Saturday, May 17, 2014

walking in pablo's steps

Come walk with me through Barcelona.

Well, at least, a few of the places I enjoy in Barcelona.  Including, a new one.

Just to orient you, we will start at the Christopher Columbus statue.  Actually, that sentence is just an excuse to justify including the photograph to the left.  I wanted you to see good old Chris in the light.

I had one goal yesterday -- to see the Picasso Museum.  When I was here two years ago, it was closed on the only day I was in town.

So, off I trudged.

The problem with Barcelona is there are far too many tempting paths to explore.  I could almost hear the wolf from Into the Woods singing my day's theme song:

Just so, little girl-
Any path.
So many worth exploring.
Just one would be so boring.
And look what you're ignoring...
Well, I didn't ignore much.  But I really strayed off of my path.  I will spare you most of my bunny trails.  Instead, I offer up this sampler.

I was on task until I saw this gargoyle on the Barcelona cathedral in the old section of town.  The 20th century facade is the least interesting part of the building.

What is interesting are the fanciful 15th century gargoyles.  My favorites are an elephant.  And this unicorn.  I wonder what symbolic purpose a black unicorn serves.  (Other than the obvious fact that it is soot-ridden.)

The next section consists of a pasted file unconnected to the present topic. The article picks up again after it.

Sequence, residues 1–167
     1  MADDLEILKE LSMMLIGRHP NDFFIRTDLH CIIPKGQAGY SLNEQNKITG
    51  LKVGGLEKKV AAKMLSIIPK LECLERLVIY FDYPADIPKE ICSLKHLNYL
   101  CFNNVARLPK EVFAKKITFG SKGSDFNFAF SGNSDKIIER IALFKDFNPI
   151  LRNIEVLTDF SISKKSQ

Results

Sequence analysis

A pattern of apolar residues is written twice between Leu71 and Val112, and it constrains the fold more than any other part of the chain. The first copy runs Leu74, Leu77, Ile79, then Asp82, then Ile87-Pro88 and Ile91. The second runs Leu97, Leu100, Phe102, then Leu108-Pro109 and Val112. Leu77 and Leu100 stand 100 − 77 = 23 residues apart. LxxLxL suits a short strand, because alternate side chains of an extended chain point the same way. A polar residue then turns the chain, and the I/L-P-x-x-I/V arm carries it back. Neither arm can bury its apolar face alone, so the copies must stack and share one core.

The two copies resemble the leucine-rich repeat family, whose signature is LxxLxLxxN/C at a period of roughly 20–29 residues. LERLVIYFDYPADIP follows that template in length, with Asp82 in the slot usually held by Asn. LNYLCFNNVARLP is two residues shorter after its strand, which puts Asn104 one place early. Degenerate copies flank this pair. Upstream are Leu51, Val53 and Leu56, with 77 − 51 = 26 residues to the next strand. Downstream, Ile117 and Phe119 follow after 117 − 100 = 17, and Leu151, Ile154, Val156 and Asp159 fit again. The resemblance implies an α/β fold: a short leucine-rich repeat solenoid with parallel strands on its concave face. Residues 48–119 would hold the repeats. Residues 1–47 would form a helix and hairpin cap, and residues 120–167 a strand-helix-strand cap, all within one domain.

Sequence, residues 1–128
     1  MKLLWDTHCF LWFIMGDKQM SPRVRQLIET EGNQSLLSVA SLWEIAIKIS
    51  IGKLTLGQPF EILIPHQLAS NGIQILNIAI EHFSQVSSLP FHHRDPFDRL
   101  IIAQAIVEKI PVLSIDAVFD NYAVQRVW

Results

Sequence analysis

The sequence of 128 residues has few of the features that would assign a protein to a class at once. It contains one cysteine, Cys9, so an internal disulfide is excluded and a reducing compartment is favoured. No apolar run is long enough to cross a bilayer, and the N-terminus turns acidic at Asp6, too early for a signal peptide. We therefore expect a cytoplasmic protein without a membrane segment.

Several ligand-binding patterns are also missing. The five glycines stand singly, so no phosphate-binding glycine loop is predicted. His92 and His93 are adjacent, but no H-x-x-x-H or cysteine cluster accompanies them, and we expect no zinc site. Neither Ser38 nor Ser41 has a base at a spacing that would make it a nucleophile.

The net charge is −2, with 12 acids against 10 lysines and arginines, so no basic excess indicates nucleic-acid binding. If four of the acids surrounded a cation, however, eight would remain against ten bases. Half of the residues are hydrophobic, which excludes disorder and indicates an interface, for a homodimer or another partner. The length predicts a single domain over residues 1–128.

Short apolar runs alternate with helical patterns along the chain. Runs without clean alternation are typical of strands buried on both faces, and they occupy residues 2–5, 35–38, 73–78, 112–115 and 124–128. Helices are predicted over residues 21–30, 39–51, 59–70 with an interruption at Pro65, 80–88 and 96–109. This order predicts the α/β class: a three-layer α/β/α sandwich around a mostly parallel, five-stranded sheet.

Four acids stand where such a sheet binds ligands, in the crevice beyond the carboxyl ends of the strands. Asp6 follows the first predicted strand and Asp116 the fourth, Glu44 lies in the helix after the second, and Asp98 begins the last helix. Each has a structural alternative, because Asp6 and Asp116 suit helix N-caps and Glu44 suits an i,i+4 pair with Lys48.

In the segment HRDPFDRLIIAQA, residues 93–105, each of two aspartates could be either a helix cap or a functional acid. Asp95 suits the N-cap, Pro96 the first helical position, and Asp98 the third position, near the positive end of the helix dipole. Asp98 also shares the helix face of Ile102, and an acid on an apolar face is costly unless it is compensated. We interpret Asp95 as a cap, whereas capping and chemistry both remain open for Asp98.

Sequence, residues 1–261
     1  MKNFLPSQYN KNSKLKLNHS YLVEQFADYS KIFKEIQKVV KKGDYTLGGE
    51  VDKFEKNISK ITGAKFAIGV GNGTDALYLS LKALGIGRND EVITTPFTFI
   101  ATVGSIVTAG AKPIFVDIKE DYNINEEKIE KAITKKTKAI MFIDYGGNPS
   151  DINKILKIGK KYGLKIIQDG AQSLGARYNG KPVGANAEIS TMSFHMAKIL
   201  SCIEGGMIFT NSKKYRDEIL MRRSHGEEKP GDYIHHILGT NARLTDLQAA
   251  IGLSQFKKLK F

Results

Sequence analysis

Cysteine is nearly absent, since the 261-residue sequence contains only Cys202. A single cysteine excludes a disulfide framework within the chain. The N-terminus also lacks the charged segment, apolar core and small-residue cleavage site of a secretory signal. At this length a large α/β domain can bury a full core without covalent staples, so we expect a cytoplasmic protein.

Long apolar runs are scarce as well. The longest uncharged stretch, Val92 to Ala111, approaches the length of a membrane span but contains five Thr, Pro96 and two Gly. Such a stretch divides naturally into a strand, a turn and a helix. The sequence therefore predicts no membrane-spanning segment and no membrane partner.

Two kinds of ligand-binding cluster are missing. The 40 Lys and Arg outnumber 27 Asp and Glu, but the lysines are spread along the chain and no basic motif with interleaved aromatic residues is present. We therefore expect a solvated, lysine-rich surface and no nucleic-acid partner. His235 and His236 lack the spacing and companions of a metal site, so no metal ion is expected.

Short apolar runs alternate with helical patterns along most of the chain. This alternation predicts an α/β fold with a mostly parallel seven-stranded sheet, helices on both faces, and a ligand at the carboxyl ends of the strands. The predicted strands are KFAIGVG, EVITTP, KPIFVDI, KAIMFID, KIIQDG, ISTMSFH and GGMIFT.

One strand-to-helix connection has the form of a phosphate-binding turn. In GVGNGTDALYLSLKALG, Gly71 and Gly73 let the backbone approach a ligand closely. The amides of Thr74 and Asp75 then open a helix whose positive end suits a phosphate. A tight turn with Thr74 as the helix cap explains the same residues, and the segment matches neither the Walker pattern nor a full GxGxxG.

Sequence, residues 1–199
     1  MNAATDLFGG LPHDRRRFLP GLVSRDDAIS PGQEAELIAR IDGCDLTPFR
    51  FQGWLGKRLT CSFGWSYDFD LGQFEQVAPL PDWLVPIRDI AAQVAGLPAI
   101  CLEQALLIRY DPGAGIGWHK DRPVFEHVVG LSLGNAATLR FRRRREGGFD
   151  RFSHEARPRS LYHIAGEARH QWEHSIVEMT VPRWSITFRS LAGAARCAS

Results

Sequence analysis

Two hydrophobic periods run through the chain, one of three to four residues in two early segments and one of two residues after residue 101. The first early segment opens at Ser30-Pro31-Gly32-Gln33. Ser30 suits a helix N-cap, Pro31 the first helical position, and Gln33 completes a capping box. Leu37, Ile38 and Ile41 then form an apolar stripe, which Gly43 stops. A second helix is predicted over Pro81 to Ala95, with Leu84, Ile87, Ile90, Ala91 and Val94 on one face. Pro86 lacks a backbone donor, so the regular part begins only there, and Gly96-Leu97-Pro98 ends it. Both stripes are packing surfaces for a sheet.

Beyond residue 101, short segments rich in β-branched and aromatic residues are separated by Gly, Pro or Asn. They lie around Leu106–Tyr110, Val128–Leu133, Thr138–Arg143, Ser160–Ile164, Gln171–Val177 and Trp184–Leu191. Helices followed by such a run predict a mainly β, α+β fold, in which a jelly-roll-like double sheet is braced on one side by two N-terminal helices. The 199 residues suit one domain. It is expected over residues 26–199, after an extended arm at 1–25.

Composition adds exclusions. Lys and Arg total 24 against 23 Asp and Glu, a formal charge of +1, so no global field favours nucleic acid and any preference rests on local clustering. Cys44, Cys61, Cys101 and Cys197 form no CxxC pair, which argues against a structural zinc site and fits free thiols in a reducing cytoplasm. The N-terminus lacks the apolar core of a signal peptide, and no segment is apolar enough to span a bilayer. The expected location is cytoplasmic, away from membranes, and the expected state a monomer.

Speaking of fanciful, I have no idea what is going on here.  But it was happening in public, so, I shot away.

He was sitting in a passageway between the cathedral and the chapter house.  There were a few jarring contradictions. 

At first glance, it appeared he was simply looking at a tourist map.  But what was with the purse?  Perhaps, he was a tourist watching his wife's purse while she shambled through the cathedral photographing the relics of long-dead and (often) imaginary saints.

That would make sense if it were not for the little tin sitting in front of him.  With several coins in it.  Maybe he was supposed to be a retro version of the actors who pose as statues on Las Ramblas.

I never pass up an opportunity to visit St. Caterina market.  Not, the Boquerio market in the tourist area of town.  The one I really like is the multi-colored roof market in the gothic section.

This place would be reason enough to spend more time in Barcelona.  Time that I could use to create great meals.

Freshly-slaughtered rabbits and chickens with their heads intact.  Eggs from every imaginable source -- quail, duck, goose.  And some of the most eye-catching fruits and vegetables I have seen in a long time.

Today I am going back to buy enough fresh fruits and vegetables to make myself a nice dinner.  And any of you who have been reading Mexpatriate for very long probably think you know what I will buy.

Cherries.  Of course.  But I tasted some of the best tomatoes I have ever eaten.  I will certainly never see their like when I return to Mexico.

Nor will I find masks like these.

The topic of masks came up recently.  And I thought this would be a good addition to that conversation -- since we all wear our own personal masks, crafted in the not-often-realized belief that the world sees us as we want to be seen.